Trusting computers

Computers have supplanted all other forms of media to safe guard our
information.  Computers store everything from banking histories to
recipes.  Combined with the connectedness of the Internet all of this
information is leveraged to guide our decisions and purchase our needs
and wants.  This is just the surface of how deep computing affects our
daily lives however.  Computers control ballast systems that keep
tankers afloat and SCADA systems that regulate the flow of rivers
through dams.  Computers are the most pervasive element of how our
society controls the environment that we live in.  

To state that trust is important is to understate the obvious.
 Trust is a luxury however, and one that we can not afford.  Our
systems are still fragile and susceptible to human malice and poor
programming.  Virii by the millions have emerged into the world of
computing.  They infect computers by the interactions of others.  This
vector of infection is personified by email users who open foreign
attachments.  Even more deadly is the worm, which can infect without
the interaction of a user.  Worm infection is steadily rising with each
passing year.  Code Red alone compromised 250,000 computers in nine
hours.  Control and trust is lost when these infections occur.  

We absolutely need to trust the machines that help run the fabric
of society.  As a society we must constantly add fail-over systems,
monitors and vaccines to computers.  Until this type of trust is gained
systems must be open to the user.  The more transparent the computers
are the more easily a rouge program can be detected.  The quicker the
development process the faster important patches and medicines can be
dispatched to infected machines.  

One of the latest contenders is the “Trusted Computing” platform.
 In this regime manufacturers provide equipment which will certify that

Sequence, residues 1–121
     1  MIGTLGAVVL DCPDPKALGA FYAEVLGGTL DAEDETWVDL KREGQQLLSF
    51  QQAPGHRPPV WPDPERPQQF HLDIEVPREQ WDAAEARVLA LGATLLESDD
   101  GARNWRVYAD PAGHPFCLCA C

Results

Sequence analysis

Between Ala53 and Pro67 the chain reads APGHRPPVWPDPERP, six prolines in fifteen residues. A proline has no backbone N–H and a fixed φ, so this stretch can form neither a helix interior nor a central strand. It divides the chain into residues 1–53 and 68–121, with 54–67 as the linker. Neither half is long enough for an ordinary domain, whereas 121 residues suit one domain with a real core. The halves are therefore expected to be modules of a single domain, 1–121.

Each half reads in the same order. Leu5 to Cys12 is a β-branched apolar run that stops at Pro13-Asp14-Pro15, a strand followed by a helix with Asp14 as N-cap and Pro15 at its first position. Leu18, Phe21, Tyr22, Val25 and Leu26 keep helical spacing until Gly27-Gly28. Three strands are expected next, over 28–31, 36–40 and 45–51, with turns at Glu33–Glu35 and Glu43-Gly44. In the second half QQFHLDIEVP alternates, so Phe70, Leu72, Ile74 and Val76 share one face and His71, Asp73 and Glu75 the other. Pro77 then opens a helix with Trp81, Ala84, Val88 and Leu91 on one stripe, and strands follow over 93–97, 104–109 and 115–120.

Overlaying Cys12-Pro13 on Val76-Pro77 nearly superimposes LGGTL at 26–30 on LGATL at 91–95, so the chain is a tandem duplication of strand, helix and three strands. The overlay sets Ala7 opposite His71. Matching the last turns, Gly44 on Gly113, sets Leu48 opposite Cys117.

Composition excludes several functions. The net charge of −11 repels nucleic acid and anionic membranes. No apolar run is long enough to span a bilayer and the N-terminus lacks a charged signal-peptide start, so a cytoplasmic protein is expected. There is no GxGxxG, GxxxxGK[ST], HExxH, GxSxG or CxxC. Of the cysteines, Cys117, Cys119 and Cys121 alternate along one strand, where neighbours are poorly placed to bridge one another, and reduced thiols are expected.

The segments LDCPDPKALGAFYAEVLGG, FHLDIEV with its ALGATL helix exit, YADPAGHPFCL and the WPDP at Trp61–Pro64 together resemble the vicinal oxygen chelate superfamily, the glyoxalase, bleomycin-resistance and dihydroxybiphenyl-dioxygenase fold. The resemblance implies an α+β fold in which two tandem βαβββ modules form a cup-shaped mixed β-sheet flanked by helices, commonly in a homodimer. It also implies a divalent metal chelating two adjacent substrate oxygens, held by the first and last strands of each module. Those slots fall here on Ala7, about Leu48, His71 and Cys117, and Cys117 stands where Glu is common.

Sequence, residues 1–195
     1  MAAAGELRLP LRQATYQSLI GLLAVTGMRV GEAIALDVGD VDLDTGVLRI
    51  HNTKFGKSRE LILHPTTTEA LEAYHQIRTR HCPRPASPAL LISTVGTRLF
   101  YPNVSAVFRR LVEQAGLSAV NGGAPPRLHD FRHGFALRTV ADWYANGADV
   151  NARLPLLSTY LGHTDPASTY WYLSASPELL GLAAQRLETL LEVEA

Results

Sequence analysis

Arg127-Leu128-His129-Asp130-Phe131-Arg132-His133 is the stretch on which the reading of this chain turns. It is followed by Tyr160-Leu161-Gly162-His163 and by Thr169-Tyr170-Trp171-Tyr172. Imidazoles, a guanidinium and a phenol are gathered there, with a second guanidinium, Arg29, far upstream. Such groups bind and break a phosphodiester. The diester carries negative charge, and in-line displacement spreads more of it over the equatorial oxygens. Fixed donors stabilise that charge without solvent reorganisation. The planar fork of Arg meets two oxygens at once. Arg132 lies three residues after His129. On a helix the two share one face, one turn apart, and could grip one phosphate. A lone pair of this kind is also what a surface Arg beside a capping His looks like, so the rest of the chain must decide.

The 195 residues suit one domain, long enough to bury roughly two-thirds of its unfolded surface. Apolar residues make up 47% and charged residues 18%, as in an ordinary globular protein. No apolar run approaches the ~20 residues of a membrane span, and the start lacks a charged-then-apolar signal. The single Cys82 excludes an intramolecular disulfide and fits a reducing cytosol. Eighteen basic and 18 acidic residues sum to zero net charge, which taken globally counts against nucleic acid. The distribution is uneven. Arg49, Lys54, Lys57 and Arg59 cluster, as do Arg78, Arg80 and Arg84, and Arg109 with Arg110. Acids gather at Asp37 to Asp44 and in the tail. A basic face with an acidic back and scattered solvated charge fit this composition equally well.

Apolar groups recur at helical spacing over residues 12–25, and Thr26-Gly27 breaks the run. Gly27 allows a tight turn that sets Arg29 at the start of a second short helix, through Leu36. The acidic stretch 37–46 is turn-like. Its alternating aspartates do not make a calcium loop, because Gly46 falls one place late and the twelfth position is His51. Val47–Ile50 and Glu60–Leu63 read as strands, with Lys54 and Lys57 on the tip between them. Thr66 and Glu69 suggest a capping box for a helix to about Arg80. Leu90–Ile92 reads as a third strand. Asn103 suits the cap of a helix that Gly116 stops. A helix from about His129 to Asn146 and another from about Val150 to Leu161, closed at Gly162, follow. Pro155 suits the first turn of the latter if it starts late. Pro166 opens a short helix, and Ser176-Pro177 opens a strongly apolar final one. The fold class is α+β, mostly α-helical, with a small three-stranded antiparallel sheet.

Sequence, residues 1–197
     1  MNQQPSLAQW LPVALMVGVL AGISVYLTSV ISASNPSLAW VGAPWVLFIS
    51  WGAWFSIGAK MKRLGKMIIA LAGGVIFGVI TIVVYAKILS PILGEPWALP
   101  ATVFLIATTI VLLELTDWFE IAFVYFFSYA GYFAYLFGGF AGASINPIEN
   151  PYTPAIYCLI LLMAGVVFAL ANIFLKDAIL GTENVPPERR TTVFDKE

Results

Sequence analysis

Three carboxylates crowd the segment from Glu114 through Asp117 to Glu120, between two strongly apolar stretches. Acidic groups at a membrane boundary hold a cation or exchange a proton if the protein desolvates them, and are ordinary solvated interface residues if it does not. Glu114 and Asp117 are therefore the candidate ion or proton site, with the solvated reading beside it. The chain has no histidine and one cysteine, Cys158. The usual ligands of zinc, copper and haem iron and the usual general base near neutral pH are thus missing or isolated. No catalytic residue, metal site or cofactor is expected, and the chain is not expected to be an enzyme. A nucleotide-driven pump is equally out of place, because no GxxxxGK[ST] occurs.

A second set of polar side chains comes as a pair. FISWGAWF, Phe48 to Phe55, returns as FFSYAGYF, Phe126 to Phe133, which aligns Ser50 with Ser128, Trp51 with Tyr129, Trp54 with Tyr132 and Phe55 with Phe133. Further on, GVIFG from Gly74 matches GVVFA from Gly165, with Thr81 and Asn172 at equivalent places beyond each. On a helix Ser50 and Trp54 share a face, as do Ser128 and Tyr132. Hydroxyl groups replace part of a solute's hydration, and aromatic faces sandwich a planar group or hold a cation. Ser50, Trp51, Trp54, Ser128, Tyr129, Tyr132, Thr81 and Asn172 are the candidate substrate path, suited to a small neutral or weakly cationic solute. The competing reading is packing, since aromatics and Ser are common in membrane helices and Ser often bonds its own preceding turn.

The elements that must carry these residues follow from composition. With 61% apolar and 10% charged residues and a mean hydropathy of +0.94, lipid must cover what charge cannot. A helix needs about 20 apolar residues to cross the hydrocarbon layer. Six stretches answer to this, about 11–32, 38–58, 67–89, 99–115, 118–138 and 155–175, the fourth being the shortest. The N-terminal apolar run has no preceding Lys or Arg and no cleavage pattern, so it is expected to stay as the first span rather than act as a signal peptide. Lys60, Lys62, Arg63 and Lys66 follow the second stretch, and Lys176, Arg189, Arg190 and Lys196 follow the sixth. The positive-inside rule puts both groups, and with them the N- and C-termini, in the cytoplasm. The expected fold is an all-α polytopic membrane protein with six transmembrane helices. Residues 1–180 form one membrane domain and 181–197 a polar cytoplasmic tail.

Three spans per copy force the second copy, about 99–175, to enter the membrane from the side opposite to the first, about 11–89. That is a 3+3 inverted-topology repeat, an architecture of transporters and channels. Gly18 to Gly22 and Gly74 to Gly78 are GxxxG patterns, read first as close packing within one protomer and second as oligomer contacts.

each application before it is allowed to execute.  The cost of this
type of regime is that development is retarded due to a rigorous
certification process.  Even patches will have to undergo certification
and create an even bigger gap between infections and inoculation.  The
benefits are paltry in comparison to this cost.  Certain virii will be
prevented from executing.  Namely those that are sent via email to
unsuspecting users.  However worms would not be deterred since they
generally infect programs that are already running.  These programs
would already certified but contain vulnerabilities, or flaws in the
code, which allow remotely launched programs to exploit them.  The
certification process does not guarantee that the code works well, or
that it even works at all.  It just stipulates that it is from a
certain developer or company.  

A switch to this “Trusted Computing” environment would not solve
the trust issue.  Software and hardware manufacturers are still not
liable for any damages incurred.  Society must stay vigilant in regards
to what computers do and monitor them.  The stakes are far too high to
trust our computers just yet.

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